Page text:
"This Committee cannot live in denial which is what some would have us do when they suggest that this hearing dilute its focus by investigating threats unrelated to Al Qaeda," he said. "The Department of Homeland Security and this committee were formed in response to the al Qaeda attacks of 9/11. There is no equivalency of threat between al Qaeda and neo-Nazis, environmental extremists or other isolated madmen. Only al Qaeda and its Islamist affiliates in this country are part of an international threat to our nation."
King said he believed "the overwhelming majority of Muslim-Americans are outstanding Americans and make enormous contributions to our country" - but added that "there are realities we cannot ignore."
Ellison countered that isolating the investigation to Muslim Americans was unjust and unwise.
"Ascribing the evil acts of a few individuals to an entire community is wrong; it is ineffective; and it risks making our country less secure," he said.King defends hearings on Islamic radicalization
Ellison: Hearings targeting religious minority "dangerous"
Ellison: Muslim radicalization hearings a "bad idea
Arguing that "the best defense against extremist ideologies is social inclusion and civic engagement," Ellison alleged that "the focus of today's hearing" would actually do the opposite -- by increasing suspicion of the Muslim-American community and "ultimately making all of us less safe."
"Targeting the Muslim American community for the actions of a few is unjust," he said. "Actually all of us--all communities--are responsible for combating violent extremism. Singling out one community focuses our analysis in the wrong direction."
In heated remarks before the panel, Rep. Sheila Jackson Lee (D-Texas) argued that the hearing was "an effort to demonize and to castigate a whole broad base of human beings."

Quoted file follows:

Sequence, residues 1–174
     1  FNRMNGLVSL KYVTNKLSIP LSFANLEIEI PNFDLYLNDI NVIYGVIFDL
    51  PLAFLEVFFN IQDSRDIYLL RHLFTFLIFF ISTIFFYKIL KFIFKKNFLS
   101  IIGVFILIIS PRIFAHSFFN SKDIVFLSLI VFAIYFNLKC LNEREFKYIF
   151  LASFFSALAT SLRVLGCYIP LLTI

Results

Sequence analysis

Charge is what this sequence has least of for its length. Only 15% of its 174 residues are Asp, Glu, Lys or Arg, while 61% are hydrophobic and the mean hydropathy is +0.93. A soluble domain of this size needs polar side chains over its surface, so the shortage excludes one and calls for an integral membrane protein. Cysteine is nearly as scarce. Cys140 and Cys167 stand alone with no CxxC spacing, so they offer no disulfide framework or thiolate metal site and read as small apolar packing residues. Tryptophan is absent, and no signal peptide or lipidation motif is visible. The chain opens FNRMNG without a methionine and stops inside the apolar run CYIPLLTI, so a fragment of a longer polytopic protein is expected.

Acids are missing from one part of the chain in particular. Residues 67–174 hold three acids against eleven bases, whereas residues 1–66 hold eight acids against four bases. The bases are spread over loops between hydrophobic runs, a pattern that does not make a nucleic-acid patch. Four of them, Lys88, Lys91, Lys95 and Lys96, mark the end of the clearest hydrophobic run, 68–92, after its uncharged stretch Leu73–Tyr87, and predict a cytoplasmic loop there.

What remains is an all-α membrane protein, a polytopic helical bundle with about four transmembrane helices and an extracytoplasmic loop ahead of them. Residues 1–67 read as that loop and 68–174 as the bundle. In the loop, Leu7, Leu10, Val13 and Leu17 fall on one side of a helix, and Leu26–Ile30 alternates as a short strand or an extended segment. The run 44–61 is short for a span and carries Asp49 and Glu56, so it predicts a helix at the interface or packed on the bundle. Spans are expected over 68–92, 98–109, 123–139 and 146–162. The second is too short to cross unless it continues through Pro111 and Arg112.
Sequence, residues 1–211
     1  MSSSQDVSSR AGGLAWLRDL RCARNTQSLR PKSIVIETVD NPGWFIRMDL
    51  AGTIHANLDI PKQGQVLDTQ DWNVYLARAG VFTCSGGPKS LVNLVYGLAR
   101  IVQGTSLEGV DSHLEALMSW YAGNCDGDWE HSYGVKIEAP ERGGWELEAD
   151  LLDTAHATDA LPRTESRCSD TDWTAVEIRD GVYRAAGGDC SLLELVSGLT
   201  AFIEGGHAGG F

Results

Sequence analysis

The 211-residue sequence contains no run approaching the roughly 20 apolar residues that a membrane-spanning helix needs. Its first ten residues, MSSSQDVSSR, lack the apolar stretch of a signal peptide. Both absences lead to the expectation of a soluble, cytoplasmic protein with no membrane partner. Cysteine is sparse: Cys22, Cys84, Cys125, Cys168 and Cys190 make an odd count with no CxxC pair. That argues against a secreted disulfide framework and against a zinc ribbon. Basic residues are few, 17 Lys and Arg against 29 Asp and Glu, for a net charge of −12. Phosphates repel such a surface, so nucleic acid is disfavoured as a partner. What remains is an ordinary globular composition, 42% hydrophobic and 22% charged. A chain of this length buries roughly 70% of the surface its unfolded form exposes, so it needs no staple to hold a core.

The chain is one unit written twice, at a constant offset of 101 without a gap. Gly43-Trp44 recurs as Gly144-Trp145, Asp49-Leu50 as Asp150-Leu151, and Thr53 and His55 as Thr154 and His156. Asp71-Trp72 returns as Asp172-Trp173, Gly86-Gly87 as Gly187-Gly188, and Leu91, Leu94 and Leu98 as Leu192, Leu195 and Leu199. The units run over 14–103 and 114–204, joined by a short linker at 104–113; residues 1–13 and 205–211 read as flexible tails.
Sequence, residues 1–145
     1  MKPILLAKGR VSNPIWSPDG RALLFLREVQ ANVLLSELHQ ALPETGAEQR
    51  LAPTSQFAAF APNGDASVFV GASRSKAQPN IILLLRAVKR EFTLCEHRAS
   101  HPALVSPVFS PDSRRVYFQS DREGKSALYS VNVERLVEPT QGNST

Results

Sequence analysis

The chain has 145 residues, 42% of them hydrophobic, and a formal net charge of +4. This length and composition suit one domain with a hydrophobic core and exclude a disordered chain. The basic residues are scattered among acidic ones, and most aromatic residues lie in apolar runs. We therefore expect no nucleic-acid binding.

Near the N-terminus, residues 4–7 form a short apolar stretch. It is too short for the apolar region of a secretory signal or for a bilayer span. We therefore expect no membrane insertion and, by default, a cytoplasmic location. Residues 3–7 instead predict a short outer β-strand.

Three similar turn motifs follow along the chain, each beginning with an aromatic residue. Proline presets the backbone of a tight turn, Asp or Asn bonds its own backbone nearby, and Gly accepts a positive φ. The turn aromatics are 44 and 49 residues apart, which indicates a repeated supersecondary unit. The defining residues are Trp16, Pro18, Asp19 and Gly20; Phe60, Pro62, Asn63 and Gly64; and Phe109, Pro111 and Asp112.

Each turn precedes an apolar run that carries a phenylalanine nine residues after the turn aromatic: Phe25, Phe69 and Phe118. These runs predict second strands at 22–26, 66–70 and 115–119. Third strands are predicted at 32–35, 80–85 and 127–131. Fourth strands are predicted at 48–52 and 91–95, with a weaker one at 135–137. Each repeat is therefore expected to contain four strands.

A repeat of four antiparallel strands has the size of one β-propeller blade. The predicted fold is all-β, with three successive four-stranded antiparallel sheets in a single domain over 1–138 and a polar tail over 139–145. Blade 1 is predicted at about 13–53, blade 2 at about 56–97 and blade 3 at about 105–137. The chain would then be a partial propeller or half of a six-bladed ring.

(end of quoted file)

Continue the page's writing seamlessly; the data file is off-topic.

(Watch video at left.)
"I will tell you today that this breathing document is in pain," she said, pointing to a copy of the Constitution. "We could have had a hearing that spoke about any number of issues of terrorism. We might have gone back to the cold cases of the civil rights movement, acts of terror. We might have tried to understand where the Klansmen still roam today and terrorize individuals in parts of this country."
Asking among the panel members how many were Muslim -- to which two responded positively -- Jackson continued: "The reason why I asked that question is because, Muslims are here cooperating. They are doing what this hearing has suggested that they do not do! It is an irony and an outrage that we are wasting time when Muslims are sitting before us, a Muslim is on this panel, a Muslim has testified, and so I question: Where are the uncooperative Muslims?"
"This hearing today is playing into Al Qaeda right now around the world," she continued. "It is diminishing soldiers on the front lines that are Muslims - those who lost their lives. And it is going in the same route of an Arizona and other states."
Witnesses testifying at the hearing include family members of young men who became radicalized. They plan to tell the committee that the young men were brainwashed by Muslim extremists.